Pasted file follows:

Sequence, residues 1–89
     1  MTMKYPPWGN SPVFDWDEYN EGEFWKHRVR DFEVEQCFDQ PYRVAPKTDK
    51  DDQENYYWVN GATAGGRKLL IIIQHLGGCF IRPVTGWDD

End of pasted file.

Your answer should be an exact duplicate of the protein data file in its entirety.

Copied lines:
Sequence, residues 1–89
     1  MTMKYPPWGN SPVFDWDEYN EGEFWKHRVR DFEVEQCFDQ PYRVAPKTDK
    51  DDQENYYWVN GATAGGRKLL IIIQHLGGCF IRPVTGWDD